From: David Abrahams (dave_at_[hidden])
Date: 2004-12-27 20:08:32
David Greene wrote:
> David Abrahams wrote:
>> There has already been a released named_template_params.hpp in
>> boost/detail "forever".
> I know this used to be used by the old iterator_adaptors. I can't
> quite remember what the interface to named_template_params was
> and it's a little difficult for me to envision given just the header
> file. Got an example laying around somewhere?
my_template<foo_is<int>, bar_is<long**> >
iterator_adaptor<value_type_is<char>, reference_is<char&> >
>> IMO named template parameters are unweildy in C++. I prefer "unnamed
>> template parameters" like those described in
> "Boost.Python determines the role of the argument from its type."
> So does that mean that this idiom can only be used when each
> argument is of a distinct type?
Strictly speaking, no. You're okay as long as it is possible to know,
when you are passed some type X twice, which two "logical" template
parameters are intended.
> I realize that this can be made
> to happen by wrapping each argument in a unique class, but isn't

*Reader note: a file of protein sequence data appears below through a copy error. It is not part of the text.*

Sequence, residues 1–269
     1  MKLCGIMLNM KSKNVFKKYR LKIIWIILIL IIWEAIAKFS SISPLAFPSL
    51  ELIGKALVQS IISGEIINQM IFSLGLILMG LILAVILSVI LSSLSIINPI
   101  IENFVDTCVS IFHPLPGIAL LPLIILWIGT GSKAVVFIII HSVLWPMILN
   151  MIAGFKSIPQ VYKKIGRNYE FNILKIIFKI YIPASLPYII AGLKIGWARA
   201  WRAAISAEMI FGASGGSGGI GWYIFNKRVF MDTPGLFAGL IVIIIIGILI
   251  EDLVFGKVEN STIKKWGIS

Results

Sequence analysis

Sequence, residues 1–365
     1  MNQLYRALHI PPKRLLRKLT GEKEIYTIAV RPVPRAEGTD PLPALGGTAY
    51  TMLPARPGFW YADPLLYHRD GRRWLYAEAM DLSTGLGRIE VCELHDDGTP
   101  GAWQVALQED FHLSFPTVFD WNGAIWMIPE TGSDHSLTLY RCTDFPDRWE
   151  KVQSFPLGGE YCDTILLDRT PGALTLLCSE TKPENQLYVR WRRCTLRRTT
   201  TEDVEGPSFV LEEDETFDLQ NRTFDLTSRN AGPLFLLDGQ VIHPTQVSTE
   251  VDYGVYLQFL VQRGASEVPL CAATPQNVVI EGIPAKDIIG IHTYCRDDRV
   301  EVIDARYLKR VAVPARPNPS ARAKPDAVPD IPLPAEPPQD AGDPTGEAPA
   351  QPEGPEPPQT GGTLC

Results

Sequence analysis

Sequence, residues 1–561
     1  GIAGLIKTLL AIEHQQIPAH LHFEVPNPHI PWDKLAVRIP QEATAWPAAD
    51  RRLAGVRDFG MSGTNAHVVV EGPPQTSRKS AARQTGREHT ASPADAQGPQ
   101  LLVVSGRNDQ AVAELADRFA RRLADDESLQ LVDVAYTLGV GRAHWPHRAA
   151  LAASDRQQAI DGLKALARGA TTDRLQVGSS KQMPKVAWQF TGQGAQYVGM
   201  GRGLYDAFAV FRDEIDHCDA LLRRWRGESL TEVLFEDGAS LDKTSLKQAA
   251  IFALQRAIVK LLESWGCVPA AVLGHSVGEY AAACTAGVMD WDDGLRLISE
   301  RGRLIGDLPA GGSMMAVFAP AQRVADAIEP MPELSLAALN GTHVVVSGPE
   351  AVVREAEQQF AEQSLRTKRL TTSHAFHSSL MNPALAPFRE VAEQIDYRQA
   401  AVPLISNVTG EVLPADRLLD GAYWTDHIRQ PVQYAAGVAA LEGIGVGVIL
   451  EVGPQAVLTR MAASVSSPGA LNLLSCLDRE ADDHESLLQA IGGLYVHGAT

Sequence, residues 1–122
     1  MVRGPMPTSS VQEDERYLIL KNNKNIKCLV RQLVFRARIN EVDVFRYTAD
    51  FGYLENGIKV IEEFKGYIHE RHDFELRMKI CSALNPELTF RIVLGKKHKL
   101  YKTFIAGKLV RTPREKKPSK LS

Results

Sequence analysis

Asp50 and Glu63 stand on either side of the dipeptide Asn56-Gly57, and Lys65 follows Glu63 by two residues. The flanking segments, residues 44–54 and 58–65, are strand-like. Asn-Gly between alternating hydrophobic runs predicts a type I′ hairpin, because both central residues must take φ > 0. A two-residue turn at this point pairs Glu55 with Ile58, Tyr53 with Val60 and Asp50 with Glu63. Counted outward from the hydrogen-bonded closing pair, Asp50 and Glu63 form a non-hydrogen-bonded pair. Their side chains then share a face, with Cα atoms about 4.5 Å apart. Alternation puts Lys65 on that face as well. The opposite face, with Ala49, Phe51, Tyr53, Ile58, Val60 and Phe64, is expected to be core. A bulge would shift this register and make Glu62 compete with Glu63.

> that exactly what named template parameters is?
It really depends on the interface of the outer template. If it's truly
general and there's no restriction on the types of its arguments or
their relationships, then you do need to resort to xxxx_is<...> style
wrappers everywhere. Otherwise, you may be able to avoid those wrappers
in some or all places.
> The use of what I've got working now is shown below. Things I don't
> like about this include:
> - Necessity of passing key_info<> to lookup<>. I tried to do this
> through default template args but I couldn't come up with a working
> - The separation of parameter declaration and default value definition.
> - Packaging up all parameters into an MPL sequence. It's not so bad,
What's not to like about that?
> Would anyone find this useful? Obviously it will need some work. I'd
> like to clean up the syntax some if possible.
The reason we dropped the named template parameter interface to iterator
adaptors was that nobody was using it. The default computation was so
complicated that most iterator authors wanted to specify all the
parameters explicitly. So before we make NTP into a real library I'd
like to see it pass some real-world usability tests. If there was at
least anecdotal evidence that people were using and liking it, I'd be
-- Dave Abrahams Boost Consulting http://www.boost-consulting.com
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